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6 Tips to Help Homeowners Keep AC Costs in Check

Homeowners can play an active role in the preventive maintenance of their AC system, helping to avoid untimely breakdowns while keeping costs in check. To do that, it’s important to gain a general understanding of how an AC system works, along with what can be done to help ensure efficient operation throughout the summer.

Adams Power AC Unit

A home AC system starts with the outdoor unit where the system’s compressor is located. Inside the home, the key component is an evaporator coil that typically is positioned on top of the furnace. The indoor and outdoor units are connected by a refrigerant line set, which is composed of a high-pressure line and a suction line. Additionally, the AC system includes the blower motor and fan inside the furnace, which blows air across the evaporator coil.

“AC systems are designed for a specific amount of air to pass across that coil, preventing it from freezing,” says Peter Fiedler, Residential HVAC Sales at Adams Heating & Cooling. If the furnace’s air filter is too dirty, it restricts airflow increasing the potential of the coil freezing. Sometimes it will even freeze solid leading to damage to the outdoor unit. Water pooling around the bottom of the furnace is one sign that the coil is freezing.

Tip #1: Keep a clean filter

“The first maintenance item a homeowner can take control of is to change the furnace filter,” Fiedler advises. The frequency depends on several factors, such as how dirty the home gets, whether or not there are shedding pets, etc. The quality of the filter also plays a role. Some filters can last several months, while others may only provide a month of useful life. Pay attention to what the filter manufacturer recommends. Most importantly, visually inspect the filter at least once a month.

Tip #2: Cut back vegetation

Heading back outside, the first thing a homeowner can do is make sure the outdoor unit isn’t being obstructed by vegetation. Keep all grass, weeds and plants cut back from the unit. Also look for nearby vegetation that generates debris, and make a reasonable effort to cut it back to limit debris entering into the unit.

“An outdoor AC unit has these delicate fins that help transfer heat,” Fiedler says. “The unit’s fan pulls air through those fins to cool the refrigerant and blow the air out. This process might pull in some debris. Vegetation like cottonwood trees near the unit could drop a lot of debris, causing issues. Keep an eye on things like that.”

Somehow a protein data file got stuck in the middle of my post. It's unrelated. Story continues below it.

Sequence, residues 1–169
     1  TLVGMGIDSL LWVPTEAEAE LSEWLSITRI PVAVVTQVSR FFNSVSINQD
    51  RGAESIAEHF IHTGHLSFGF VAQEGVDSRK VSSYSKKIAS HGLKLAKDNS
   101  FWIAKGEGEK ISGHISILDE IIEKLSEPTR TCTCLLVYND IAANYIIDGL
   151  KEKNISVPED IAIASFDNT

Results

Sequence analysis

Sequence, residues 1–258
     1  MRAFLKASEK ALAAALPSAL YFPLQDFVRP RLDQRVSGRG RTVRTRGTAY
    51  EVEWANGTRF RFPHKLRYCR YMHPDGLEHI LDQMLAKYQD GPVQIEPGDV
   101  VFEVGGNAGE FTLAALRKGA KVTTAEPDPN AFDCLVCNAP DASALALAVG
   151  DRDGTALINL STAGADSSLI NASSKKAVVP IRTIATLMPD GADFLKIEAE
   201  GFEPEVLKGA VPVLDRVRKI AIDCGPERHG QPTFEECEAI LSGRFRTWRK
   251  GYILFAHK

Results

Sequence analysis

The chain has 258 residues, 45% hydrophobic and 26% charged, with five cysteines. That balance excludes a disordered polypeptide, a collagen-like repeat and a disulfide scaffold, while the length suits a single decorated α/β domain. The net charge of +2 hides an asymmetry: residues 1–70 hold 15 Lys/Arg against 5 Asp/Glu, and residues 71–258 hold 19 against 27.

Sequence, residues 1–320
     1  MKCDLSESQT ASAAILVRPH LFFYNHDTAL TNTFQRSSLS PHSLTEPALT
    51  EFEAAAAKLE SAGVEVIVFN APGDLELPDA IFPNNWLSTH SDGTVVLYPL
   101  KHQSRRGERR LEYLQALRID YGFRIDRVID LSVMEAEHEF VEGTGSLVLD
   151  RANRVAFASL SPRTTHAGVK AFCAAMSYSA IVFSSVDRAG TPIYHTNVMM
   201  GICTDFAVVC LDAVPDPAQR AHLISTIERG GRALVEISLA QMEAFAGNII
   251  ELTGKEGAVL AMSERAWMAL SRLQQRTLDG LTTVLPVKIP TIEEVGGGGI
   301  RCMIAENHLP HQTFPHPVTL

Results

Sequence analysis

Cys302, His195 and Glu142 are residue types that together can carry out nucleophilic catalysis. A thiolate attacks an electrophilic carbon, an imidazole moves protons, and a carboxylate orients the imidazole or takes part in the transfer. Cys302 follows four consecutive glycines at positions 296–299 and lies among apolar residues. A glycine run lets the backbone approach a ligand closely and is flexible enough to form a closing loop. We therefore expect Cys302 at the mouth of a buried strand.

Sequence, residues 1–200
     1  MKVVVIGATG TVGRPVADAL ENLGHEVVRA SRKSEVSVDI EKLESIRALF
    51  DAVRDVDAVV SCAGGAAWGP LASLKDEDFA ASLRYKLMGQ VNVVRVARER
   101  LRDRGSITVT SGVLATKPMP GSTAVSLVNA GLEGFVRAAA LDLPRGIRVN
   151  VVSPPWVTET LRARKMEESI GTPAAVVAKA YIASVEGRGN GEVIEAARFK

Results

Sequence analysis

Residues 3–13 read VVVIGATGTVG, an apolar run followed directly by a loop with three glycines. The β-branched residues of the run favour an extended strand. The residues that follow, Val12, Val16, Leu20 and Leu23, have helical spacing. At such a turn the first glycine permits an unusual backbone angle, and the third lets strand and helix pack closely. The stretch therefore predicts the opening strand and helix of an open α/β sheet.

Tip #3: Hose it off

Homeowners can take charge of keeping their outdoor unit clean. When dirt and debris become visible on the sides, use a garden hose. Start at the top and work your way down and around the entire unit. Avoid using a pressure washer to prevent damaging the fins.

Tip #4: Maintain consistent temperature

Turning the thermostat up several degrees while you’re away doesn’t offer much benefit. A home can heat up quickly. When you turn the thermostat back down, the AC system has to work harder to cool and dehumidify. The perceived savings are lost, and then some.

Tip #5: Get an annual inspection

Homeowners can further take control of their AC maintenance by knowing when it’s time to call a qualified service technician. Early spring is a good time to do that. Adams Heating & Cooling offers a targeted spring inspection of both outdoor and indoor AC components.

“On an outdoor unit, a technician uses specialized tools to check pressures, and to ensure that the refrigerant component is working properly, and the system is cooling correctly,” Fiedler explains. “A technician also thoroughly cleans the condenser coil, and inspects a part called a capacitor. The capacitor helps an air conditioner start up. If the capacitor rating is changing, it’s a sign of impending failure and should be replaced.

Inside the home, an Adams technician examines the evaporator coil, along with the furnace components that work in conjunction with the AC system: motor, fan and filter.

“We ensure every component works at peak performance,” Fiedler adds.

Tip #6: Don’t put off replacing an old system

Sometimes the best preventive maintenance is to invest in a new system. There are a few warning signs that an AC system is starting to wear down:

  • Longer run times

  • Increased noise

  • Exhibiting signs of vibration

As a general rule, anything 15 to 18 years old is nearing the end of its useful life.

Older systems have numerous costly components that can fail, including the fan and compressor. They also run the risk of springing a refrigerant leak, which can be very difficult, if not impossible, to repair.

“It often costs less to purchase a new AC system than it does to diagnose a leak, repair it, and get the system back up and running,” Fiedler notes. This is especially true for systems using the old R-22 refrigerant, which is much more expensive than the R-410a refrigerant used on units over the past 10 to 20 years.

A new AC system improves efficiency, lowering energy costs. In the near future, however, those efficiency gains will result in increased air conditioner prices.

“New federal standards on AC efficiency are going into effect in 2024,” Fiedler points out. “The new systems are going to be even more efficient than what’s available now, but also considerably more expensive. So now (late 2023) might be a really good time to invest in a new system, especially if you’re thinking the system you have is starting to wear down.”

For AC maintenance control or if you want to explore a new system, contact the professionals at Adams a call at 262-723-6565 or fill out the brief contact form on their website.

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